The team’s methodical approach has now turned into a full-court press for one of the best receivers in the league, as the Seahawks are expected to meet with Denver Broncos restricted free agent Brandon Marshall today. The move was first reported by ESPN.com and later confirmed by the team.
The Seahawks took an early hit in free agency by losing unrestricted free-agent wide receiver Nate Burleson to Detroit just hours into the start. Burleson, a Seattle native who had said he wanted to return to the Seahawks, signed a five-year, $25 million deal – $11 million of which is guaranteed – with the Lions. Burleson was the first player to sign a deal once free agency began Thursday evening.
Burleson said the Seahawks declined to match the financial package the Lions offered.
“In Detroit, they were far more enthusiastic about me coming and being a part of their program more than anybody else, including Seattle,” Burleson said during an interview with local radio station KJR-AM.
Seattle wasted little time trying to secure Burleson’s replacement.
Marshall is a restricted free agent, and the Broncos tagged him with a first-round tender, meaning that any team that signs Marshall to an offer sheet would have to give up a first-round pick as compensation if Denver doesn’t match the offer.
For Seattle, that would mean the Seahawks would be on the hook to give up the team’s No. 6 overall pick.
However, a second option exists where the Seahawks and Broncos essentially do a sign-and-trade deal. Like the first option, the Seahawks and Marshall would negotiate terms for a new deal. Once that’s in place, the Broncos, who want to part ways with Marshall anyway, could negotiate terms for compensation they would receive from Seattle for the right to sign the talented receiver.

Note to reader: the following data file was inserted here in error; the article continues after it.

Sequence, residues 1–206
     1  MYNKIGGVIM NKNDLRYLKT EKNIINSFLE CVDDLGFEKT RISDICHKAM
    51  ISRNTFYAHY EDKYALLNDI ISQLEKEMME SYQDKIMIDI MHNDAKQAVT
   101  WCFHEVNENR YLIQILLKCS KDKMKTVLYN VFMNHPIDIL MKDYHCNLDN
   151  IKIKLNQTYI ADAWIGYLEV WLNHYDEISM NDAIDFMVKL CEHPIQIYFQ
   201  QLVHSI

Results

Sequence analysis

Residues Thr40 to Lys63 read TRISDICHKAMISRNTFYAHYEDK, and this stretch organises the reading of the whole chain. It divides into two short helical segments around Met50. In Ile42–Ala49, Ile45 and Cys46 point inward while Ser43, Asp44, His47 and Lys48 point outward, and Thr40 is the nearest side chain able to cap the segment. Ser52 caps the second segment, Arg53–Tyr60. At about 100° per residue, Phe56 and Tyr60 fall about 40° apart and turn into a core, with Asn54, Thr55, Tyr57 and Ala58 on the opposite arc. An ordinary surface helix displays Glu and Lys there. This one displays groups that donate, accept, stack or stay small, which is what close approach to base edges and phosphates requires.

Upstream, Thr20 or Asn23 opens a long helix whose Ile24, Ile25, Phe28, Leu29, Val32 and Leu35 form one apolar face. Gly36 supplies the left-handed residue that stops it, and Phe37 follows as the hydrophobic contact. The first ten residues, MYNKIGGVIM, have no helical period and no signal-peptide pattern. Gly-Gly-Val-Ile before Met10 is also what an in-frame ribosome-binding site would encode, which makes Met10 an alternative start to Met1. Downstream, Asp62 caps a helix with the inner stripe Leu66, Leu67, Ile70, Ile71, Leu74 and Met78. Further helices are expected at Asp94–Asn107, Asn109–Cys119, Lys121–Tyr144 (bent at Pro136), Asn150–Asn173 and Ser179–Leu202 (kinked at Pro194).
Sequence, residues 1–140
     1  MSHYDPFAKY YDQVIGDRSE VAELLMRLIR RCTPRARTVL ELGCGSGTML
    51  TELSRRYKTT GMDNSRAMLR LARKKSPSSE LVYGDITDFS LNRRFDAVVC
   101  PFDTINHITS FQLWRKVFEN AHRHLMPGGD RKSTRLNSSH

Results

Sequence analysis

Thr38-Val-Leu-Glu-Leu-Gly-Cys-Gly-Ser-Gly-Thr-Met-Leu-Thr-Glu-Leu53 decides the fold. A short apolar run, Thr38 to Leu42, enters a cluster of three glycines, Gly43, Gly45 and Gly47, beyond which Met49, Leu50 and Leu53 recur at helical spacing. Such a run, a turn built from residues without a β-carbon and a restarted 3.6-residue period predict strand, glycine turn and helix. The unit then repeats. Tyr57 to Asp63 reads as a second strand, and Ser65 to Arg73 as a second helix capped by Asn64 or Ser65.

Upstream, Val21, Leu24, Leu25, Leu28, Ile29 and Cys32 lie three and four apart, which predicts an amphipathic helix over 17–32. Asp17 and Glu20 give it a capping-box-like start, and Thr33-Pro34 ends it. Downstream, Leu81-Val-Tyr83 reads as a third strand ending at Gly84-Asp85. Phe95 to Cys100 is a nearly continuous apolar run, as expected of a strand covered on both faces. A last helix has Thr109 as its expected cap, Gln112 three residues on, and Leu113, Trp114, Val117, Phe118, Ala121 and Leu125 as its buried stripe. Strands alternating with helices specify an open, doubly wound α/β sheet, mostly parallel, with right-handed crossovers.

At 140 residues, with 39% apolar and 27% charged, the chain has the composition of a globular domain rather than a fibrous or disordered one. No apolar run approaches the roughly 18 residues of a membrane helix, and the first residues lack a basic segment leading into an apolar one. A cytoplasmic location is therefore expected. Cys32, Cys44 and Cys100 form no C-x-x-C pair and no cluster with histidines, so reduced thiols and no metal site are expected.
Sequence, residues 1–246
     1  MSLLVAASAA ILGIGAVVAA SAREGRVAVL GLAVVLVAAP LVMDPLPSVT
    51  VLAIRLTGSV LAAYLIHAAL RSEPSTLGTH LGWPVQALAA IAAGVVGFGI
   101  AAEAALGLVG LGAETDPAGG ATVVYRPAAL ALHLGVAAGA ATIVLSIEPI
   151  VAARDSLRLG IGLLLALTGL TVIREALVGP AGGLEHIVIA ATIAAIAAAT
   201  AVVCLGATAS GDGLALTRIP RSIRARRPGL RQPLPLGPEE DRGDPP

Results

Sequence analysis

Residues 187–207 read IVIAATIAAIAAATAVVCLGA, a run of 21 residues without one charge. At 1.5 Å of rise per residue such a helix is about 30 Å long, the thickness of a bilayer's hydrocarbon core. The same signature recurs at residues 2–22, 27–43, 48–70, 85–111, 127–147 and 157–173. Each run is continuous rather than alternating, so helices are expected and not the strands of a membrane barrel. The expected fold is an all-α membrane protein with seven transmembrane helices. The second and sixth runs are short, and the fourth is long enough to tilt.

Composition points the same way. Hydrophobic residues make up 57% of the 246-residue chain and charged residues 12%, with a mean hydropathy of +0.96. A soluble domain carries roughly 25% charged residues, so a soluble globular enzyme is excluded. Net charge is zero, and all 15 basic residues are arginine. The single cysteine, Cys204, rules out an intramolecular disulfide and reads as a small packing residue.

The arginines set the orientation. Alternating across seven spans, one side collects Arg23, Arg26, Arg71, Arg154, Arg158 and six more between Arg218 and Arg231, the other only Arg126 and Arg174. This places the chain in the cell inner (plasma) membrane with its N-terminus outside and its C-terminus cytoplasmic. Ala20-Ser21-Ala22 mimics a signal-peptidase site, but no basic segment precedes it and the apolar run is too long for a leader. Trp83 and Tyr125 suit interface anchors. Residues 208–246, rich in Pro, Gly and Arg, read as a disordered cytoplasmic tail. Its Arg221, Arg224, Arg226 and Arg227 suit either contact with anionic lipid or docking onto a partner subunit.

Under that scenario, Denver does not necessarily have to receive Seattle’s No. 6 pick as compensation. The Broncos might settle for getting Seattle’s No. 14 overall pick, which the Seahawks received in a draft-day trade from Denver last season. The Broncos sent their first-round pick this season to Seattle for a second round pick in 2009, which Denver used to take Wake Forest cornerback Alphonso Smith.
If the Seahawks do sign Marshall to an offer sheet, then the Broncos have seven days to accept the offer.
There’s no doubting Marshall’s talent. At 6-foot-4, 230 pounds, Marshall has been compared to Arizona’s Anquan Boldin in terms of the physical way he plays. Marshall turns 26 on March 23, and in the last three seasons he has 307 catches – only New England’s Wes Welker has more during that time.
Marshall’s potential move to Seattle also offers some familiarity. He played for Seahawks offensive coordinator Jeremy Bates and quarterbacks coach Jedd Fisch in Denver in 2008 when Bates and Fisch coached there under Mike Shanahan. Bates served as the Denver’s offensive play-caller and Fisch as the receivers coach.
However, Marshall’s off-the-field issues offer reason for concern for the team that brings him on board.
Marshall has been arrested a handful of times and suspended by both the Broncos and the league. He held out of Denver’s offseason workouts in 2009 and asked for a trade because he was unhappy with his contract.
Last season Marshall set a league record by finishing with 21 catches for 200 yards and two touchdowns in a 28-16 loss to Indianapolis. But three weeks later, Marshall showed up late for treatment for a pulled hamstring. And with his team playing for a chance at a postseason berth, he was benched for the final game of the year – a 44-24 loss to Kansas City.
Along with Marshall, the Seahawks reportedly have several other players scheduled for visits in the next few days, including Marshall’s teammate, offensive guard Ben Hamilton; San Francisco 49ers wide receiver Arnaz Battle; New England Patriots tight end Ben Watson; Baltimore Ravens defensive lineman Dwan Edwards; and Carolina Panthers defensive end Tyler Brayton.